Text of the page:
Scripture: Lectionary #42 Easter Vigil (B) April 7,2012. 7 readings from Old Testament and two from the New Testament: Genesis 1:1-2:2. Psalm 104: 1-2.5-6 10.12.13-14.24-25. Or Psalm 33:4-5.6-7.12-13.20-22. Gen. 22:1-18.Psalm 16:5-8.9-10.11. Exodus 14:15-15:1. And Exodus 15:1-2.3-4.5-6.17-18. Isaiah 54:5-14. Psalm 30:2.4.5-6.1-12.13. Isaiah 55:1-11. Isaiah 12:2-3.4.5-6. Baruch 3:9-15.32-4:4. Psalm 19:126.96.36.199. Ezekiel 36:16-28. Psalm 42:3.5. Psalm 43:3.4. or Psalm 51:12-13.14-15.18-19. Romans 6:3-11. Psalm 118:1-188.8.131.52-23. Mark 16:1-8
Why is this night so different from all other nights? This question is asked at the Passover Seder that is celebrated this Friday evening to Saturday evening in the Jewish families. The question can also be asked in our celebration of the Paschal Mysteries of Christ, the Lamb of God. The above readings are one of the reasons this night is so different. This is the longest listings of Scripture texts for any day within the entire liturgical calendar. The seven from the Old Testament with Psalm responses as well as responses from several of the prophets certainly make this night quite different from all other nights. Finally we have the two readings from the New Testament with a Psalm in between them as our Alleluia response and thus we realize the reason it is so different is that it is the celebration of those coming into the Church through the Sacrament of Baptism and the realization that this whole night leads to the central mystery of Christ’s Resurrection just as the Exodus Event led to the total freedom of the Israelites in their celebration of the Passover throughout the centuries before and after Christ. This night therefore does make a difference! The superabundance of Scripture passages show us the history of salvation that continues on in our present celebrations of the Passover and Easter.
This day our reflection takes in the seven readings of the Old Testament and the two of the New Testament but in a rather succinct presentation.
The paragraphs represent the nine readings:
Our new beginning in Jesus Christ occurs with the renewal of our Baptismal vows as we witness the newly baptized in their entrance into the Church. We start our reflection on this evening with the first chapter of Genesis, the creation narrative. God sees that everything in creation is good; in fact, very good (Tov M’od).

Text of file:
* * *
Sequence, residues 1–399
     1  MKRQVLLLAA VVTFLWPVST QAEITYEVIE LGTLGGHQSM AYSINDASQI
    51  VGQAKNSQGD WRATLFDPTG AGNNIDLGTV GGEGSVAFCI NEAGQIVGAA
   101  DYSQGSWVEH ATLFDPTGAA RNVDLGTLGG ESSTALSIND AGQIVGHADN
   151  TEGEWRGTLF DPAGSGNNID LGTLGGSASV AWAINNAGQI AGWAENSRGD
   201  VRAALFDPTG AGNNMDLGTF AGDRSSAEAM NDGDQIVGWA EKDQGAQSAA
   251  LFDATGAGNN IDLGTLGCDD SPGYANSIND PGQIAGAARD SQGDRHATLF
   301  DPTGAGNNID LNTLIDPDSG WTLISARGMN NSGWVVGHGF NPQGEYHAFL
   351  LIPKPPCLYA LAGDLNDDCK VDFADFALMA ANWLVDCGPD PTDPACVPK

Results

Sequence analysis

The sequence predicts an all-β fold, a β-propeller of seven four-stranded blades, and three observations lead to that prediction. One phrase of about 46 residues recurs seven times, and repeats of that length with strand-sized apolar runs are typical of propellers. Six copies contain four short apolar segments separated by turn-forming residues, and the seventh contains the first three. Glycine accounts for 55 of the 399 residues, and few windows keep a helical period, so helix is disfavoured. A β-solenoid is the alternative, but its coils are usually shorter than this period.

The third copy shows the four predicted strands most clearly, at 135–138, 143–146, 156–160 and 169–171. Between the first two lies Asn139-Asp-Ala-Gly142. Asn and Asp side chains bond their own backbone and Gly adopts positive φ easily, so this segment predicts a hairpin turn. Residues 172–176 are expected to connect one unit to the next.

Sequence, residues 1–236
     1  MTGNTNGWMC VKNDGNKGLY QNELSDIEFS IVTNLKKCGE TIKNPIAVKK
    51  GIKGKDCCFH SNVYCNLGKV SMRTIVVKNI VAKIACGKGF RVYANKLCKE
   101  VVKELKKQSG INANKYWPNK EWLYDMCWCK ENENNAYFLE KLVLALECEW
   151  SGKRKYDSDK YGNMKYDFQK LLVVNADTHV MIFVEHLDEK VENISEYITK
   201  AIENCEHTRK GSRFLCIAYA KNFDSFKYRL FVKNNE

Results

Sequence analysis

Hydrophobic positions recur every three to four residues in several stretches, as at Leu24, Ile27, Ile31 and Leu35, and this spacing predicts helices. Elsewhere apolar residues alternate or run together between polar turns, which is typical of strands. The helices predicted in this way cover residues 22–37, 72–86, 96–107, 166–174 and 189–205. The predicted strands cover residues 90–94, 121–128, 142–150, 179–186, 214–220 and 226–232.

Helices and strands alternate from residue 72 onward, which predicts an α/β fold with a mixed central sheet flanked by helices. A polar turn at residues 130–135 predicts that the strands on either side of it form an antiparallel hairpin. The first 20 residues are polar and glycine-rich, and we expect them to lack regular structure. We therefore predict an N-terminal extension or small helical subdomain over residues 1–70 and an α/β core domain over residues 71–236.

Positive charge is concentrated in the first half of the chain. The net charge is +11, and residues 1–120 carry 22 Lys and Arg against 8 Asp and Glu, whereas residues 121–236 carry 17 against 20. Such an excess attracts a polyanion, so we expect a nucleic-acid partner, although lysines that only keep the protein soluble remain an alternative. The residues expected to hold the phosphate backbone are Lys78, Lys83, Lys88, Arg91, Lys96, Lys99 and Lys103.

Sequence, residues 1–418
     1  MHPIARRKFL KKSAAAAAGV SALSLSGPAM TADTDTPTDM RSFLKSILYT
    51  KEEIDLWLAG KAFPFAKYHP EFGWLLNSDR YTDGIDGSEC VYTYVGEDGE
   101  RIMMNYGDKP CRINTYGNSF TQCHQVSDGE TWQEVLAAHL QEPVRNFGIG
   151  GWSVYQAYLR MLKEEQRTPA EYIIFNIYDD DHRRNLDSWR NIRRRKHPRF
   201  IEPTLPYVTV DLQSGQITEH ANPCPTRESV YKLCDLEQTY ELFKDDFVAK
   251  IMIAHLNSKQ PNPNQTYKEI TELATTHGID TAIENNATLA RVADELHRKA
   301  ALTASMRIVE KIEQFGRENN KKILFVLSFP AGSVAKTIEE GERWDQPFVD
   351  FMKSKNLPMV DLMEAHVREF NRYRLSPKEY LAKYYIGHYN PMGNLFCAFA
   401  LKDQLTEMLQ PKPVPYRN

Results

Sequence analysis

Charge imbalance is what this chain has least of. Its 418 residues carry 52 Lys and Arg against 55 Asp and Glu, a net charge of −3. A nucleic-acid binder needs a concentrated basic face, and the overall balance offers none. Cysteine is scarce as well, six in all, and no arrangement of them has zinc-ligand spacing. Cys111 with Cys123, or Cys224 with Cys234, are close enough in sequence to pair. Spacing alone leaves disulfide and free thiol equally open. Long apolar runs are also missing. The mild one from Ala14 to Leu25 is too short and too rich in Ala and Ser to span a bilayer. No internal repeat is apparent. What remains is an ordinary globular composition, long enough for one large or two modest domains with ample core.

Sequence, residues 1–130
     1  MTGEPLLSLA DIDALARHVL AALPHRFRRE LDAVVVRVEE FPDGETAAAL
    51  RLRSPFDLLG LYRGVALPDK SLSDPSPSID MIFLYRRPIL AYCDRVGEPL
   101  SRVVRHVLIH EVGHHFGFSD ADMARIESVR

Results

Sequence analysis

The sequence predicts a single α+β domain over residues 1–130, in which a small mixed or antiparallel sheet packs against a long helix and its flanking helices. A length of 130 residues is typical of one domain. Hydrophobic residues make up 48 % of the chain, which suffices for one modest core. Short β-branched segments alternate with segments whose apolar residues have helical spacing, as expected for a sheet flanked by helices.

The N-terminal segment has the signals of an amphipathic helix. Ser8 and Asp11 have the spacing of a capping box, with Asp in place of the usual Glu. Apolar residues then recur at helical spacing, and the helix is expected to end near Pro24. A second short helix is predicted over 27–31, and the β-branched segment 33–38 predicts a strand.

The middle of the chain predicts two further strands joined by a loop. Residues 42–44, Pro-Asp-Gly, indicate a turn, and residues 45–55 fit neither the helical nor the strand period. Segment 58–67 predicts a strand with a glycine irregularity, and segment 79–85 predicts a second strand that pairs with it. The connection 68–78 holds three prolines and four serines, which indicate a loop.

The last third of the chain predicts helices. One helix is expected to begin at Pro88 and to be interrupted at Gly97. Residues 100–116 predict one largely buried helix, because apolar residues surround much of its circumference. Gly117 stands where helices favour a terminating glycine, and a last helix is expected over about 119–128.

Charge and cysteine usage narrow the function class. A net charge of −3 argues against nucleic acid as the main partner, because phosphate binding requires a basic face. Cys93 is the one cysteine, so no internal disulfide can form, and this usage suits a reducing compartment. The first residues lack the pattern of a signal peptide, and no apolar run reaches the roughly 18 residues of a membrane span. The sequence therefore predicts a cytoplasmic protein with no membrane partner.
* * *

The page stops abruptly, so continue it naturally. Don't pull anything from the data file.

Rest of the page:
Abraham, through his total commitment to faith in God’s promises is prepared to give what is dearest to God his only son, Isaac. Christians through their Baptism are to have such faith, hope, and love so as to give everything to God.
We thank God for the gift of the Exodus to the People of God, the Israelites, and we realize that God liberates us from the power of Satan and our oppressors. We enjoy the freedom of the children of God through Jesus’ giving us the Sacraments and through his Resurrection.
God calls us through the prophet Isaiah to participate and cooperate in the ongoing history of salvation through becoming creative agents of God’s redeeming love, compassion, and mercy.
God tells us that his words are everlasting and totally beyond the way we speak and think. We pray redeem us, Lord, from our proud thoughts and deeds.
Through Baruch (and Jeremiah) you call us to be your children who have the gift of wisdom that inspires us to be prudent and to have understanding of the ways of God. We do this when we follow your precepts, commandments, and statutes. Yes, Lord, you have the words of life everlasting.
Cleanse us, we pray, through the cleansing waters of Baptism. Then we shall know you are the Lord, our God and we praise you for Holy is your Name. Give us a new and renewed heart; place in them a new spirit and we shall be created and you shall renew the face of the earth. We are your people and you are our God.
St. Paul gives us the most profound reflection on Baptism in the selection from chapter six of Romans. We are at the center of the Paschal Mystery when we die and rise with Christ the Light of the world when we are baptized and renew our vows of Baptism. We have been one with the Lord in his sufferings, death, burial and resurrection. Easter is rung in with the chiming of the bells and the great praises of the Glory to God. We celebrate the total victory of Jesus over sin, darkness, and death. We rejoice with the newly baptized and in our own renewal of our Baptism.
Our responsorial psalm is preceded by three Alleluias and we now know that the liturgy is in full Easter swing.
Our Resurrection Narrative follows the reading from Mark in this year B of the liturgy wherein the Gospel of Mark is read throughout the year. Though Mark seems to center on the empty tomb we realize that the young man clothed in dazzling white is the herald who proclaims that Jesus is risen and has gone before the disciples both men and women to Galilee. They must carry this message to one another and continue the Easter celebration till the end of time. The element of awesome fear that the women display keeps them silent for a while, but the message does get through that Christ is risen. Alleluiah. Amen.
An important statement on the Resurrection comes from Father Raymond E. Brown, S.S.:
It is disturbing to hear from Catholics the facile claim ‘My faith in the resurrection would not be disturbed if Christ’s body were found in Palestine.’ Much more to the point is whether the faith of the eleven would have been shaken by such a discovery.